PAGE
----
Overheard at dinner the other night. (No, I wasn’t eavesdropping. Their voices carried … I swear!)

Diner 1: The 2015 model just came out. Practically everything I complain about in my car has been fixed.

Diner 2: So trade in your car.

Diner 1: I can’t. It’s depreciated too much for a straight trade.

Diner 2: Kind of makes you hope for a car accident, right?

I think he was kidding. I hope he was kidding. Because, aside from the joke being in poor form, that’s just not how it works.

If your car’s totaled, most car insurance companies reimburse you for the actual cash value of your car, not the replacement cost. Let’s review the difference.

Actual cash value vs. replacement cost

Actual cash value (or ACV) is calculated by determining an item’s original value minus the amount it has depreciated after you bought it (more on this later). Replacement cost, on the other hand, is the amount of money necessary to replace damaged, destroyed, or stolen property with a new item.

We’ll use an example scenario* to help explain the difference. Imagine you buy a car for $25,000. You drive it without incident for 5 years when suddenly bam! A disoriented deer runs out into traffic and into your path. Don’t worry, you and the deer are okay. Unfortunately, your car is totaled.

You file a claim with your insurance company and are relieved to learn that deer run-ins fall under comprehensive coverage. That coverage, however, will pay for the car you have now, not the car you had 5 years ago. And after 5 years of standard wear and tear alone, your car’s probably worth around $9,000.

How actual cash value is determined

Of course, all cars lose value as they age, but not all cars age equally. If your car is totaled, the insurance company considers the condition the car was in just before the accident, including mileage, option packages, and overall physical condition (think peeling paint, torn seats, rust … anything that’s not a direct result of the accident).

In some cases, you may be reimbursed for things like title fees, registration fees, and sales tax. But this varies by situation and state, so it’s best to get the details from your insurer. Once your insurance company determines a settlement amount, they’ll subtract your deductible before paying out your claim. (That’s why it often pays to choose lower deductibles if you can afford to.)

But what if your car’s leased or financed? Sometimes what you owe on the lease is more than the car’s ACV. Good thing there’s a coverage for that!

Loan/lease coverage

Let’s go back to your shiny, new $25,000 car. This time, rather than buying it outright, you decide to lease it. You put $1,000 down, leaving you with $24,000 to pay off.

Several months later, that same distracted deer (it must be mating season) dashes onto the highway and totals your car.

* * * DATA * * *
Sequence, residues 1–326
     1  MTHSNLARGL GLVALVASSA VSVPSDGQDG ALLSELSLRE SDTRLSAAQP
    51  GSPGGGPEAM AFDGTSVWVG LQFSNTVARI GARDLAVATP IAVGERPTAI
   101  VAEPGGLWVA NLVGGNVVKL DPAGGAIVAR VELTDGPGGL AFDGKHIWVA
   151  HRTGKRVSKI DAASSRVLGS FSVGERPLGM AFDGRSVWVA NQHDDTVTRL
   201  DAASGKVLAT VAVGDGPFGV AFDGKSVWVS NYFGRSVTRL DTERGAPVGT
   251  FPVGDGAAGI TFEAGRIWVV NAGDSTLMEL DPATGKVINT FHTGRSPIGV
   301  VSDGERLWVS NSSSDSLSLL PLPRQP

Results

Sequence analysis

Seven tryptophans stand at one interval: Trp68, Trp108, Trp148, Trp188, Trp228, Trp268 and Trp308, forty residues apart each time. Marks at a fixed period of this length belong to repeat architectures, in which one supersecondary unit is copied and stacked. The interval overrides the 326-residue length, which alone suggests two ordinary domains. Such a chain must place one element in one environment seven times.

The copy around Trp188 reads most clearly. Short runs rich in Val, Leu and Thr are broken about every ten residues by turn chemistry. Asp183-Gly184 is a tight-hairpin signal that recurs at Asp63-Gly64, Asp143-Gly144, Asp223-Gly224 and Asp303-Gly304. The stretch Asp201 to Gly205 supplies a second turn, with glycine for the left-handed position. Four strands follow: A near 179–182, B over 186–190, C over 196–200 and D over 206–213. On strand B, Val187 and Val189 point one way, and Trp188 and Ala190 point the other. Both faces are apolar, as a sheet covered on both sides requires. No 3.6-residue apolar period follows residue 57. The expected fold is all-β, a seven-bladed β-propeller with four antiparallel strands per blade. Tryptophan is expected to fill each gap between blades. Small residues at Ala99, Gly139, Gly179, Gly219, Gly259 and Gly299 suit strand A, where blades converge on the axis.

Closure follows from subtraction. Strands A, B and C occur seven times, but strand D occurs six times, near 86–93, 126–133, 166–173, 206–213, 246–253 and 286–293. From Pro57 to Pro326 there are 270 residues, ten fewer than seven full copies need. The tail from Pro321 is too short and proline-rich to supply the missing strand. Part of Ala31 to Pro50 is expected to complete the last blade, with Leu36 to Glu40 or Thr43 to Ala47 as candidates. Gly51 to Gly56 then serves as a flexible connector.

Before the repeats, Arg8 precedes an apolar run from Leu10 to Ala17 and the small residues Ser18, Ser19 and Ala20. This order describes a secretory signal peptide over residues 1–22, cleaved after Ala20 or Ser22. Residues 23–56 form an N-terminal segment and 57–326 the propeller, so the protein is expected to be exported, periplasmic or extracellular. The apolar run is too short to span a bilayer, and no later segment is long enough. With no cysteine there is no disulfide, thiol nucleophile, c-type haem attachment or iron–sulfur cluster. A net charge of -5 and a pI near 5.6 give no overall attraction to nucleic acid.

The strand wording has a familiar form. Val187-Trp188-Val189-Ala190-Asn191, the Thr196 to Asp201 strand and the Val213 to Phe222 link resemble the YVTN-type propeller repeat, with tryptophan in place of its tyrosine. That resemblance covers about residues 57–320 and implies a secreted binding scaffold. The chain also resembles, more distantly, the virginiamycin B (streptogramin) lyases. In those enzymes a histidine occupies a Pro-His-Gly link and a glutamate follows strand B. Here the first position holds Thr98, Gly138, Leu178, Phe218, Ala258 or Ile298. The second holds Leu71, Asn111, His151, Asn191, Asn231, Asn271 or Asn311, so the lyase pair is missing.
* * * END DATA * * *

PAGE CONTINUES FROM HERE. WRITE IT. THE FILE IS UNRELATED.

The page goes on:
Your car insurance company will pay the actual cash value of your car, which has a new value after standard wear and tear depreciation of $20,000. That’s a nice chunk of change under normal circumstances, except, according to your last loan statement, you still owe $23,000 on your car! That leaves $3,000 — plus your $500 deductible — for you to cover out of pocket.

Loan/lease gap helps cover some of the difference between what you owe on your car and what your car insurance covers. It’s common for insurance companies to cover 90 percent of the difference. If you’re an Esurance policyholder and you purchase this coverage, it’ll pay up to 25 percent of the car’s ACV.** In the scenario above, 25 percent of $20,000 is $5,000 (but, of course, you’d receive only $3,000 since that’s what you owe).
Gap coverage doesn’t include expenses like unpaid finance charges or excess mileage charges, but it can help rescue you from dipping into that vacation fund to cover the rest of your lease.

If you’re considering adding this coverage to your car insurance policy, check your loan agreement first. Many finance companies automatically include it as part of your lease contract, which means you may already be covered.

And once you’re no longer “upside down” on your lease, meaning you no longer owe more than the car is worth, you can reconsider whether you need loan/lease gap coverage at all. If you’re unsure, just ask your insurer.

Coverage for your new (or older) car

Whew! With all that said, insurance can help you get back on the road quickly when the unexpected happens. Whether you’ve just bought a new car or are tooling around in a hand-me-down, make sure you’re covered for damage and liability with insurance you can count on.

For more confusing insurance terms made simple, check out the Esurance Glossary.  You can also read up on loan/lease gap insurance and physical damage coverage.

Find out your car’s value by visiting Kelley Blue Book or Edmunds.com.

*The numbers used in the blog are estimates for illustrative purposes and not based on any one or aggregated incidents.

**Not available in all states.

Insurance 101 | Car insurance 101


about Jessica

During her time as senior copywriter at Esurance, Jessica wrote about everything from automotive trends to insurance tips to driving dogs (it’s a thing!). In her free time, you can find Jessica hiking with her dog (who cannot drive), devouring a good mystery, or very slowly learning Spanish.